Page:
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Capitol Update: Freshman senator shares legislative year in review
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It doesn't seem possible that this time last year, I was preparing to begin my role as the state senator for the 17th Senate District. I have experienced innumerable new things, met an amazing array of people and impacted a wide variety of legislative initiatives during the past year. It has been a true and sincere honor to serve you during the first year of my four-year term.

In 2015, the state legislature was tasked with passing a state budget and it was a welcomed challenge to serve on the Joint Finance Committee. I know that my role on this important committee directly benefited the residents of the 17th Senate District and I look forward to continuing to serve on this committee. Following is a brief summary of the highlights of my role on the JFC.

I also appreciated the opportunity to work with my colleagues on several important pieces of legislation and I have highlighted several of those items in the following list.

2015-2016 State Budget Highlights

Budget: Aging & Disability Resource Centers

With all the proposed changes to Family Care and self-direction in the budget, I heard from many of my constituents that one of the greatest resources in our communities is our Aging & Disability Resource Centers. I was proud to fight for ADRC and am happy to report that ADRCs and self-direction will be preserved in any new long-term health care structure moving forward.

Budget: Preservation of SeniorCare

In the original budget, a suggestion was made to move seniors away from SeniorCare and to Medicare Part D for prescription drugs. I opposed this move and fought to preserve SeniorCare. I have always been proud to support SeniorCare and will continue to support this popular program in the future.

Budget: Increased state support for K-12 education

In the budget, I supported an increase of more than $300 million in state aid for K-12 education. We also increased high cost special education aid $5 million over the biennium. For our rural schools, I supported an increase of $2.5 million in high cost transportation aid and $8.4 million in sparsity aid.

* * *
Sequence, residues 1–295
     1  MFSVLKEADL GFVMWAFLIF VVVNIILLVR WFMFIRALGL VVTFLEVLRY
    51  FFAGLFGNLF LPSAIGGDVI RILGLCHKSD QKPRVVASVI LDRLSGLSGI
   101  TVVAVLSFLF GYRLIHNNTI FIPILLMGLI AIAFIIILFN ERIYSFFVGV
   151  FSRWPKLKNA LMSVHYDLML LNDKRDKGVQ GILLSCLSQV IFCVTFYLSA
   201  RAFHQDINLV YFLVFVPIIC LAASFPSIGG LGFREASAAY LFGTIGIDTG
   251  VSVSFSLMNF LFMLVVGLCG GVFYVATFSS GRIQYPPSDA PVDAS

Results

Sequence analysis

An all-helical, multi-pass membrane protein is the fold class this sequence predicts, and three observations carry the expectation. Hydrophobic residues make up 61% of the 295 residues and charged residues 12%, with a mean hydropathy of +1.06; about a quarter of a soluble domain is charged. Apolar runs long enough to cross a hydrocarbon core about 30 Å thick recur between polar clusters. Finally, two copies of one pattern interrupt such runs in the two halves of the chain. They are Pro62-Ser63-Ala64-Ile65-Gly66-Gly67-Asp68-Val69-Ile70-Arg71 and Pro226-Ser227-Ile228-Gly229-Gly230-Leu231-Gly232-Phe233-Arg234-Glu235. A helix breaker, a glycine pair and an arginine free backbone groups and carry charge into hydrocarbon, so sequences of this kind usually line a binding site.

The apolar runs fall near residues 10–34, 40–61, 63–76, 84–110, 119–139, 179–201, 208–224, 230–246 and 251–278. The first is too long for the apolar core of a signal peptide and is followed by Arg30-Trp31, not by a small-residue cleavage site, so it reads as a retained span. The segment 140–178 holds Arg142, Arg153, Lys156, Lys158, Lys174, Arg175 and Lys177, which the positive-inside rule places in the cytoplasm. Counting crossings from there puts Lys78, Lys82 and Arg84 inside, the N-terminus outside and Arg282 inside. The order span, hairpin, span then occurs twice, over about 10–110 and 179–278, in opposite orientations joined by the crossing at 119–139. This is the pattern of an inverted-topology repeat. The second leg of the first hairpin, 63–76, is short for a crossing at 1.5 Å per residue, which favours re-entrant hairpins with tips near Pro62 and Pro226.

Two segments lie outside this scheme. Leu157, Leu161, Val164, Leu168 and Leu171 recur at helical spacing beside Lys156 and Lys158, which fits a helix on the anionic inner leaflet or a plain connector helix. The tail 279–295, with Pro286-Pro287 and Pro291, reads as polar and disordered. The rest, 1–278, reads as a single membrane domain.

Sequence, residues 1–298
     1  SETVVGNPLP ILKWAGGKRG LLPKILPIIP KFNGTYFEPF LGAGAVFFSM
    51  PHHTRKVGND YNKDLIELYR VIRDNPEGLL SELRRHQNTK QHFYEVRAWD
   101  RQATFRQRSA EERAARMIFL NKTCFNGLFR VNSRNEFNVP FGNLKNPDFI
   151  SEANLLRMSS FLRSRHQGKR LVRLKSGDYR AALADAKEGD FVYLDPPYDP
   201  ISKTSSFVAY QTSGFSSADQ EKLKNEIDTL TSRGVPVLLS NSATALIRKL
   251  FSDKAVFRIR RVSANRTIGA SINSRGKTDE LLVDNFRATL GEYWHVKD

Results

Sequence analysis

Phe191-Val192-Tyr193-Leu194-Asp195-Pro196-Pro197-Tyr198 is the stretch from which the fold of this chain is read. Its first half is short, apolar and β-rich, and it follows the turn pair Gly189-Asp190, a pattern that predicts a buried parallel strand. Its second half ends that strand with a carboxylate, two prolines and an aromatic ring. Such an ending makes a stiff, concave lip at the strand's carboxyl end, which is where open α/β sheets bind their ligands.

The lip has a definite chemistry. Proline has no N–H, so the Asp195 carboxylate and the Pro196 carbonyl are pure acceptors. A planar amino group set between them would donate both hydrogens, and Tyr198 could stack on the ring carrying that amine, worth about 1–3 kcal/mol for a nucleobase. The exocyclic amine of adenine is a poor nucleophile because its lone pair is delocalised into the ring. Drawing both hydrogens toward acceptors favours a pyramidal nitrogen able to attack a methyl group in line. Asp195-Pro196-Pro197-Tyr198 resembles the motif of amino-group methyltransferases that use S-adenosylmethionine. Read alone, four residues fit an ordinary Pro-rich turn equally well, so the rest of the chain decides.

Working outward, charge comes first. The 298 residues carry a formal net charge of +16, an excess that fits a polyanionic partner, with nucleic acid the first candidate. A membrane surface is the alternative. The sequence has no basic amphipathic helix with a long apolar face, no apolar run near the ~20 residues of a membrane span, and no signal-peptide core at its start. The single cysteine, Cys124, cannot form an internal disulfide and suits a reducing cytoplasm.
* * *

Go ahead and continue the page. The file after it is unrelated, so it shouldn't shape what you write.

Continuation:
Budget: State Park Fee Structure

In the budget, I worked closely with the Department of Natural Resources on the funding structure for state parks and camping fees. The DNR asked for flexibility to charge differing fees based on the popularity of certain parks and for seasonally busy weekends. This change maintained the current funding levels for state parks and will create new revenue.

Budget: Prosperity Southwest

In the budget, I supported a $250,000 grant for Prosperity Southwest to promote job creation in Southwest Wisconsin. Unfortunately, the provision was vetoed by Governor Walker after the budget was passed by the State Legislature. I will be working with Representative Travis Tranel to introduce this as separate legislation and will continue to seek ways to support our local economic corporations.

Budget: Tax Package

In the budget, I worked closely with my colleagues on a package of tax ideas that would simplify and federalize the tax code. The largest piece of tax relief came from reducing the marriage penalty by increasing the maximum deduction for married taxpayers filing joint and separate returns.

2015-2016 Legislative Highlights

Senate Bill 252 (Act 61): Cassville Power Plants

I worked closely with Rep. Tranel on a bill that would help alleviate the impact from the closure of the power plants in Cassville. The bill would ensure that both power plants were eligible for a step-down reduction in state aid utility payments, rather than an immediate reduction. SB 252 was signed into law as Act 61 earlier this year.